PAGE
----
Wednesday, July 17, 2013

On Empathy

Consider this a call to pause and think about fellow human beings.  Really examine them deeply.

No assuming. No judging. 

No problem-solving or policy-making.

No looking at their world through your eyes.

Just get to know them.  Really know them.  Because they are worth knowing and understanding and loving.



I believe every human being is ineffably sacred in God's sight.  This implies a moral responsibility on my part to do my very best to treat them accordingly.  If God loves each person, followers of God's way must love each person too.  This is a mystical vision.  It is a mountaintop perspective.  It is very hard to sustain it, especially in the vicious street fights of politics.
-David Gushee, Sacred Conversations (please read the entire linked essay)


The gospel is powerful medicine, but ultimately it is not administered by volumes or votes or verdicts.  It is administered by a single trembling hand holding up a spoon before the willing face of another.
 
 
I can't understand why people don't see me for all that's me... not just some trifling girl with a baby. I'm more than that, you know?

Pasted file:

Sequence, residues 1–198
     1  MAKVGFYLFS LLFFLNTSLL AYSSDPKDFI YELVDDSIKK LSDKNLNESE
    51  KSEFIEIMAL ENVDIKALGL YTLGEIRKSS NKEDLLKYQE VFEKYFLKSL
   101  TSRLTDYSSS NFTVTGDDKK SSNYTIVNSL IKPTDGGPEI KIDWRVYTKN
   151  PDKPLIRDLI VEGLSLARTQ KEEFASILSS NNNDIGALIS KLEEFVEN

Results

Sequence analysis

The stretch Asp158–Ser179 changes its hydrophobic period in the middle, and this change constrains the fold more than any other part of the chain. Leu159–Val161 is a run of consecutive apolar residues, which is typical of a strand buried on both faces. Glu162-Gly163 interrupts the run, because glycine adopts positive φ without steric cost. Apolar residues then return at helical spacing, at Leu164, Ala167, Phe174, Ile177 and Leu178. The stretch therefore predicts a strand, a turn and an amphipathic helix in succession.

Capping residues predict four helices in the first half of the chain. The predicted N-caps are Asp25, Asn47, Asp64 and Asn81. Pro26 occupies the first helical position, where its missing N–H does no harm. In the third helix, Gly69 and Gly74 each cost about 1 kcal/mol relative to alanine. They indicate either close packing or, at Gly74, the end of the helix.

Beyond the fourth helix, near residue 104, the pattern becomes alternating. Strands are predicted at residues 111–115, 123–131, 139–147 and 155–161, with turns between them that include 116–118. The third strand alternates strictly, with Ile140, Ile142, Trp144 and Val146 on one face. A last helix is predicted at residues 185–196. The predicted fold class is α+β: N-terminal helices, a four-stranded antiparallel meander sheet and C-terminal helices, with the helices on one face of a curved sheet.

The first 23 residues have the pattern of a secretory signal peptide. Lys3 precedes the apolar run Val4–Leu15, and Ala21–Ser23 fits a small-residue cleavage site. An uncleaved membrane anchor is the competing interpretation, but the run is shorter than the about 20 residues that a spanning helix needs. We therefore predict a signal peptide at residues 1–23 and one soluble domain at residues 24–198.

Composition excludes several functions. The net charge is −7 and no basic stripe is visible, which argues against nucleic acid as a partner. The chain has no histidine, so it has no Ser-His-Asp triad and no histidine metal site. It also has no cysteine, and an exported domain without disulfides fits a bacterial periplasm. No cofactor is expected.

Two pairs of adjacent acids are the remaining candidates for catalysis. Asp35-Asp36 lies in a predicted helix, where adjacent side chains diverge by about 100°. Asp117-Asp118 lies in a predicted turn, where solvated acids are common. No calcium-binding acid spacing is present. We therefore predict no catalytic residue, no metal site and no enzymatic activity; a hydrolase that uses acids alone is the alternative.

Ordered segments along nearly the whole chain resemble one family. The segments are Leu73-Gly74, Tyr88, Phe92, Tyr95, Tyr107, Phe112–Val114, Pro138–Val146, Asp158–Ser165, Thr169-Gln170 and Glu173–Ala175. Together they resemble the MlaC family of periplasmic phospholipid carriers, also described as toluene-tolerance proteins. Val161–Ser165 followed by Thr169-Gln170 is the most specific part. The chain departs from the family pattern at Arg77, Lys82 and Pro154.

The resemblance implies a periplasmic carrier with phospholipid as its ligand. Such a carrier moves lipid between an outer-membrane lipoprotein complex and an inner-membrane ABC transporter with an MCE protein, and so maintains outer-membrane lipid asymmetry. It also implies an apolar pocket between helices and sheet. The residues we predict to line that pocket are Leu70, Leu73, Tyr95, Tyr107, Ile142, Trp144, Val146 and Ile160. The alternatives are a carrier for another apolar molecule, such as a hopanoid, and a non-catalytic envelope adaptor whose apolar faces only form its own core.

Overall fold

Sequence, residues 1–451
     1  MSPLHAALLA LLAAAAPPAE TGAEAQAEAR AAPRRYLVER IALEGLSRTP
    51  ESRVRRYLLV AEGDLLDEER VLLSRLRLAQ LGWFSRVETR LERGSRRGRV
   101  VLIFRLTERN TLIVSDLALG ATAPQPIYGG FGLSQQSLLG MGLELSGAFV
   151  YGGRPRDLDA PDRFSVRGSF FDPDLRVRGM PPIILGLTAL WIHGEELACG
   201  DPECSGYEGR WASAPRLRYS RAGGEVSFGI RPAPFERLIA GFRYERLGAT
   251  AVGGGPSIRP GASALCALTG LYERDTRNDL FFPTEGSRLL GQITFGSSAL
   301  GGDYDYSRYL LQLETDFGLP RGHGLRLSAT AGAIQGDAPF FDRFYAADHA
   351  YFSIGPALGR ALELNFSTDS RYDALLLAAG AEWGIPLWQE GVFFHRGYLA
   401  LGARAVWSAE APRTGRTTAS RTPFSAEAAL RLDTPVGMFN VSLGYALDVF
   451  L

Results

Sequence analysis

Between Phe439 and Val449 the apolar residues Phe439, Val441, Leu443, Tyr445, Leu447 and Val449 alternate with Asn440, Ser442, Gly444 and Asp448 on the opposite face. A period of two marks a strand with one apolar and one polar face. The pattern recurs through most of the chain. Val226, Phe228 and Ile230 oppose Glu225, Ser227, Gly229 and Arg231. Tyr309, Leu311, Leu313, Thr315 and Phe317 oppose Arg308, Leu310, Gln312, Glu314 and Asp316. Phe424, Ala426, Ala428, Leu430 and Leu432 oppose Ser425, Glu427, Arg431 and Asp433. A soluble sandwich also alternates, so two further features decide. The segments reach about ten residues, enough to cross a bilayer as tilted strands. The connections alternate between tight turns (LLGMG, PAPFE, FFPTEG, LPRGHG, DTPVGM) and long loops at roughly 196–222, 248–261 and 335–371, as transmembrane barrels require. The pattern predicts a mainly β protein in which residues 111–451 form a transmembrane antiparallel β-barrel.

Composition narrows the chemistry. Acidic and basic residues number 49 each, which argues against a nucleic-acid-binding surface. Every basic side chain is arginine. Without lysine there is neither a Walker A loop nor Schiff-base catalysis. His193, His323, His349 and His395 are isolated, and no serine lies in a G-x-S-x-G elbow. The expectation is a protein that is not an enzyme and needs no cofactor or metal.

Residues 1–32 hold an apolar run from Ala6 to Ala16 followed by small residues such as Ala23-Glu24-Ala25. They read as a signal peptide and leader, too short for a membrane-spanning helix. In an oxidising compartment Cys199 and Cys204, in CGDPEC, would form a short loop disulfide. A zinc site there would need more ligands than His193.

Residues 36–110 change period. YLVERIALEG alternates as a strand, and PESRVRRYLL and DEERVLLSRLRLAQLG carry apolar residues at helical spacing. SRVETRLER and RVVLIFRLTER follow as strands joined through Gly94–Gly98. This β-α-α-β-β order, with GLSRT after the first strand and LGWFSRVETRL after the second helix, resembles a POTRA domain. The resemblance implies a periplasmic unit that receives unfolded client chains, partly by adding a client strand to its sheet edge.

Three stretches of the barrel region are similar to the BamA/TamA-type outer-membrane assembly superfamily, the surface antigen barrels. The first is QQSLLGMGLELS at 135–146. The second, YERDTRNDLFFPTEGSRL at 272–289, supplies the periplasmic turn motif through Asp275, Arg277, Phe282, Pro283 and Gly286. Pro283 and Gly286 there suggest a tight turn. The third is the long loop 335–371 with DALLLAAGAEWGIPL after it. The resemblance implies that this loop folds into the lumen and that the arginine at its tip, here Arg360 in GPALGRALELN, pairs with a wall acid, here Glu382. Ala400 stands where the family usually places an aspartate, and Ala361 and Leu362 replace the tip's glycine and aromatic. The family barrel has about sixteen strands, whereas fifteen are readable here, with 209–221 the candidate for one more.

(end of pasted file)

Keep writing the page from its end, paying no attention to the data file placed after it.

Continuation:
One level is be nice, just be polite. Another level is to admit that there may be something you don't know. And then a third level, and this is the hardest, try to put yourself in the other person's shoes. Try to actually see the world empathetically the way that the other person is seeing it. Sincerely make that effort.
-David Blankenhorn, On Being, Civil Conversations Project
 
 
Act 177: Politics aside, love first.
 
 
Lately, I have been ending speeches by saying, 'The two most radical things you can do in America are to slow down and to talk to each other.'  If you do these things, you will improve our country.
 
 
The really important kind of freedom involves attention and awareness and discipline, and being able truly to care about other people and to sacrifice for them over and over in myriad petty, unsexy ways every day.